The workgroup created a standing Economic Cycle Task Force to identify and regularly review indicators that could signal future recessions. The Economic Cycle Plan highlights a series of issues that will likely need to be addressed as economic conditions change. It has checklists, indicators of timelines, and other considerations to help guide rapid changes in staffing levels and redeploying current resources to meet needs. For example, potentially having employees from outside of the unemployment insurance program, or from unemployment insurance tax, redeploy to help process an initial sudden increase in claims while new employees are hired and trained. It also included a structured way to evaluate how the agency adjusts to economic fluctuations to continually improve responsiveness to changing conditions.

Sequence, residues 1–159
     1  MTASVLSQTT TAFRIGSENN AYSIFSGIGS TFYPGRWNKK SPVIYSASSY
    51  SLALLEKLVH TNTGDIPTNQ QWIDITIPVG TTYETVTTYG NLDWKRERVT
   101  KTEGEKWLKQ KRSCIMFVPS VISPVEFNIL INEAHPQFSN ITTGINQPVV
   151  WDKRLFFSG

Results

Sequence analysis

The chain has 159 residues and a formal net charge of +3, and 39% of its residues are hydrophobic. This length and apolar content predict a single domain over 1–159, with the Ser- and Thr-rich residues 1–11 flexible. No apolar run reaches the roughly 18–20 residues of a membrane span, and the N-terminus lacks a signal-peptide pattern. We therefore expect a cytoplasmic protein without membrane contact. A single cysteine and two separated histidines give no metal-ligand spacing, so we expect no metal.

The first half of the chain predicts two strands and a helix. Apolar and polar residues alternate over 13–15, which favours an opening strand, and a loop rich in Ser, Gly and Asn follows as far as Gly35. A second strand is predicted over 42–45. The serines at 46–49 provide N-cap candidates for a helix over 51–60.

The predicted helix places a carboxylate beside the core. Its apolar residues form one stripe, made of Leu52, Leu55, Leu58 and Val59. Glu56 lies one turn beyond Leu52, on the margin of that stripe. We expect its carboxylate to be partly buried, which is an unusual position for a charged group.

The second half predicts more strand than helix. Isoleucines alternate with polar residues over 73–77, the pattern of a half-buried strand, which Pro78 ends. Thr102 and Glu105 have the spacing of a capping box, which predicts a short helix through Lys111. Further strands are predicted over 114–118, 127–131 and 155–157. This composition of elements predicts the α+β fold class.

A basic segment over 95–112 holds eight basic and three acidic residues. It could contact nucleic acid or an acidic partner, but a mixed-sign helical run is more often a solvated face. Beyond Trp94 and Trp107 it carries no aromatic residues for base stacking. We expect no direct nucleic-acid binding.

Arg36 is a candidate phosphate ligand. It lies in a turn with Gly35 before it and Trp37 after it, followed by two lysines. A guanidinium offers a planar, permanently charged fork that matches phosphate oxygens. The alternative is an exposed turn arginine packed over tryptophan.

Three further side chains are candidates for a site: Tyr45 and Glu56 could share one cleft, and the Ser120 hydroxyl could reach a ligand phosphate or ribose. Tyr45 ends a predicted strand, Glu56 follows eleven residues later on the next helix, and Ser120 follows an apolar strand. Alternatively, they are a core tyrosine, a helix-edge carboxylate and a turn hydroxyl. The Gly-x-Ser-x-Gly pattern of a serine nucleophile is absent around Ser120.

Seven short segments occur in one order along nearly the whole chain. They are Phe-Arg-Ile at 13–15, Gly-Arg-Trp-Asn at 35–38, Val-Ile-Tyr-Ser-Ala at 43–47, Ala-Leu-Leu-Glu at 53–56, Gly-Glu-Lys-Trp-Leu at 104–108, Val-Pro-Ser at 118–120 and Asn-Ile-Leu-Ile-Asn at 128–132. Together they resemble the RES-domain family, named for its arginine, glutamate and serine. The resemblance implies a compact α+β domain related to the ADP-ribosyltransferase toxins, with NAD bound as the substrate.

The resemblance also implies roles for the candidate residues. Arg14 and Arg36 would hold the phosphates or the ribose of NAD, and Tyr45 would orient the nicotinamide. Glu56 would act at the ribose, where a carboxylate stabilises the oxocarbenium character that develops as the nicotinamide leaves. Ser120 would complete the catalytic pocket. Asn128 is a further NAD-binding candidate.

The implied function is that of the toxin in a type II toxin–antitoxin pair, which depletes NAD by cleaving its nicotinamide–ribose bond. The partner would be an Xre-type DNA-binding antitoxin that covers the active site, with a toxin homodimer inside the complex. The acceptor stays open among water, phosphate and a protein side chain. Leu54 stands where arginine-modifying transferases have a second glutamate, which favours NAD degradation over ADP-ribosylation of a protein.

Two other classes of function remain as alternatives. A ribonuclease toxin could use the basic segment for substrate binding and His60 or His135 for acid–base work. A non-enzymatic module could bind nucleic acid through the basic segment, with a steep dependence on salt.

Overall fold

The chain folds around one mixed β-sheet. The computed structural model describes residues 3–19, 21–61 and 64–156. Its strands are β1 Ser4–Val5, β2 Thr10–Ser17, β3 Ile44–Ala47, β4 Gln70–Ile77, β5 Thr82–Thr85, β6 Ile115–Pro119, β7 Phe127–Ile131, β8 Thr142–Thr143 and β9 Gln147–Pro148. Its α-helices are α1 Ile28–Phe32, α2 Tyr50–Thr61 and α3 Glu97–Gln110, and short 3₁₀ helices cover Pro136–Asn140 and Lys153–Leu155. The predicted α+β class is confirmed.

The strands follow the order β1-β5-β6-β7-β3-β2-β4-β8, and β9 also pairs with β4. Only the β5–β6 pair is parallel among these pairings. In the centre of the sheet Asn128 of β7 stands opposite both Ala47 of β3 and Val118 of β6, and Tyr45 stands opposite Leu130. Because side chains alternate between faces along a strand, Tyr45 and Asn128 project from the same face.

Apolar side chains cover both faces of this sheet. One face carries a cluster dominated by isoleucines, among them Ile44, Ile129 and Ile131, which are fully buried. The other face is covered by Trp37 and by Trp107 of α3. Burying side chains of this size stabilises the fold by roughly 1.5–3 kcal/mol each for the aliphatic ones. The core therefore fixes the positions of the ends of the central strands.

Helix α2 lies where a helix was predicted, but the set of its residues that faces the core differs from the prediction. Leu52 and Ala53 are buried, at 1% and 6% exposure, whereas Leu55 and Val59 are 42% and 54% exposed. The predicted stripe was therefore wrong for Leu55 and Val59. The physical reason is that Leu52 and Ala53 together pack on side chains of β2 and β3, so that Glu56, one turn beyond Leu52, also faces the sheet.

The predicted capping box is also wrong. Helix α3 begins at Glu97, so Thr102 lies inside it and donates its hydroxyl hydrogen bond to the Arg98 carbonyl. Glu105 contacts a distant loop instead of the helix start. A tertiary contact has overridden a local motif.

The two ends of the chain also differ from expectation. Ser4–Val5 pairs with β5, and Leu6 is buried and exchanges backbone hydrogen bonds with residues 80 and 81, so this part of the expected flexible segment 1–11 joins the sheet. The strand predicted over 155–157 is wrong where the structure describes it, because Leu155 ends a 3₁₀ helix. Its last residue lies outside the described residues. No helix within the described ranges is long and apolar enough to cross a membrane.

Oregon has shared its approach with other states and is interested in improvements others are making to this approach. The Department conducts a periodic review of our plan to ensure current agency employees are familiar with it, and that it continues to represent our best current thoughts for approaching economic fluctuations.


Statement of results, accomplishments, impacts and any other appropriate information that demonstrates why the nominee's efforts were an exceptional contribution.

  • Documenting “Lessons learned” from the Great Recession and its recovery provided important opportunities to better plan for and respond to economic fluctuations. This took advantage of difficult experiences staff went through, many of whom retired or will retire before the next recession.